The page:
In an effort to improve understanding of CO2 transcritical refrigeration systems among the HVAC&R industry in China, Beijer Ref is partnering with Emerson to provide a CO2 transcritical rack for Emerson’s new innovation and research centre in Suzhou.

Given the growing popularity of natural refrigerant-based systems in China, Emerson identified a need to offer training on CO2 and propane-based systems at its Suzhou centre.

“It’s part of a global refresh of all our engineering centres around the world,” Kurt Knapke, Emerson’s vice-president (cold chain) for Asia, Middle East and Africa, told this website at China Refrigeration 2019, held on 9-11 April at the Shanghai New International Expo Centre. “We’re moving from component-level to system-level qualifications.”

Emerson asked Beijer Ref to provide a CO2 transcritical rack for the new training facility. “This is the CO2 transcritical rack that you can see on display here today,” said Indy Saund, APAC business development manager, Beijer Ref.

A mutual need to train the Chinese market on how to use and maintain the latest natural refrigerant-based HVAC&R systems underpins the partnership between the two firms. “The purpose is to educate the marketplace,” said Saund, “to raise the competence level and take away the fear factor”.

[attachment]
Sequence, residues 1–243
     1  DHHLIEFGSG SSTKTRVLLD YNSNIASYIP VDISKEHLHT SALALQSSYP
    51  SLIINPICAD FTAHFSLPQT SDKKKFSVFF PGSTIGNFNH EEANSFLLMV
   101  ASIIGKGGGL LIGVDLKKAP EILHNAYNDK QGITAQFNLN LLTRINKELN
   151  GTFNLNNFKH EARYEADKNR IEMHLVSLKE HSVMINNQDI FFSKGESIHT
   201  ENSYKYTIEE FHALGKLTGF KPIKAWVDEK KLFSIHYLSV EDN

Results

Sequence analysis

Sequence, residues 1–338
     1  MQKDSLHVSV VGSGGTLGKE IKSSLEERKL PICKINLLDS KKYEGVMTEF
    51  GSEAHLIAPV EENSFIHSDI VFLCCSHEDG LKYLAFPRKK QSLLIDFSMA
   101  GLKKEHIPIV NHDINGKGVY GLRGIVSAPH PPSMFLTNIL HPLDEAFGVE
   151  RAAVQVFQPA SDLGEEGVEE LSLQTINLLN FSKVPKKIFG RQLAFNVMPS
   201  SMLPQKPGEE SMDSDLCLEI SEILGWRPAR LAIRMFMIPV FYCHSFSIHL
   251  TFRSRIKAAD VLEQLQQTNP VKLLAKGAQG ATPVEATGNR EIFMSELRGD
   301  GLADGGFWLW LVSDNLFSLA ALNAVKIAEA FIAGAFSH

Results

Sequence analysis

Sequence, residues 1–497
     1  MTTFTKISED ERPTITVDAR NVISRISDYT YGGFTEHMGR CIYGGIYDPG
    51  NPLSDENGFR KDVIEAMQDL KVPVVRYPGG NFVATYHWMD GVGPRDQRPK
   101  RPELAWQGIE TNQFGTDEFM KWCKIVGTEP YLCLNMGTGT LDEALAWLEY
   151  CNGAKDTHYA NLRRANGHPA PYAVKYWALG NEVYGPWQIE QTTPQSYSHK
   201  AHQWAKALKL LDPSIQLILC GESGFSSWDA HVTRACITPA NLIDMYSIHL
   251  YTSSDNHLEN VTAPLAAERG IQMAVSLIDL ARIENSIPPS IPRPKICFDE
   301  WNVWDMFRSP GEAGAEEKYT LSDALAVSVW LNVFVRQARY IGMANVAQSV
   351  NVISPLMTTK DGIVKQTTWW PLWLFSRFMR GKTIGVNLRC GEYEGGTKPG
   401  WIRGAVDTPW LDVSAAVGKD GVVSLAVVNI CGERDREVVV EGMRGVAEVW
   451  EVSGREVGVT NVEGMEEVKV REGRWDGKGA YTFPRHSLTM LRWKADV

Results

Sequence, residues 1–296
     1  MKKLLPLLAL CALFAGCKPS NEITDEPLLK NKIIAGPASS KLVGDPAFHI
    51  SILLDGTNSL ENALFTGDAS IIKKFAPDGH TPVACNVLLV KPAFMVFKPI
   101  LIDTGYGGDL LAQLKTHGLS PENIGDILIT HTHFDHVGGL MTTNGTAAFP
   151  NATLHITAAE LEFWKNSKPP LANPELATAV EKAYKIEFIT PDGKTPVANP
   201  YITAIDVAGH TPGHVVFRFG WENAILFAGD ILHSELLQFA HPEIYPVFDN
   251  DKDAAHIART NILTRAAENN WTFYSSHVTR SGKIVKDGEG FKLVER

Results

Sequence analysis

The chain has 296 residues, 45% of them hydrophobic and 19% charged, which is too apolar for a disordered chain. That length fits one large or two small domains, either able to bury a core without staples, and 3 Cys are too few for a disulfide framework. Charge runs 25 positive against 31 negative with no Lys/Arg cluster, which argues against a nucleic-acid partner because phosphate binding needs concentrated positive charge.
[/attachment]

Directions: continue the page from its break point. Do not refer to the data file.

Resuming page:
“The purpose is to educate the marketplace, to raise the competence level and take away the fear factor.

Indy Saund, Beijer Ref

Hands-on experience

The new facility “is about giving contractors and other industry partners the opportunity to interact and get first-hand experience of working on these systems,” added Emerson’s Knapke. “It’s about giving them the confidence they need to service them out in the field.”

Emerson has operated a training centre in China for about six years. “But recently we invested in the innovation and research centre too,” said Joe Healy, director of application engineering, Emerson Commercial & Residential Solutions.

Healy characterises China’s HVAC&R industry as showing high levels of academic knowledge of natural refrigerants, but lacking in hands-on experience of working with the latest technologies. The new facility is about redressing that balance.

“The future is natural refrigerants. The innovation and research centre is about preparing for that future,” Healy said.

He expects hands-on training sessions on the CO2 transcritical rack system to be up and running in Suzhou by the middle of the year.

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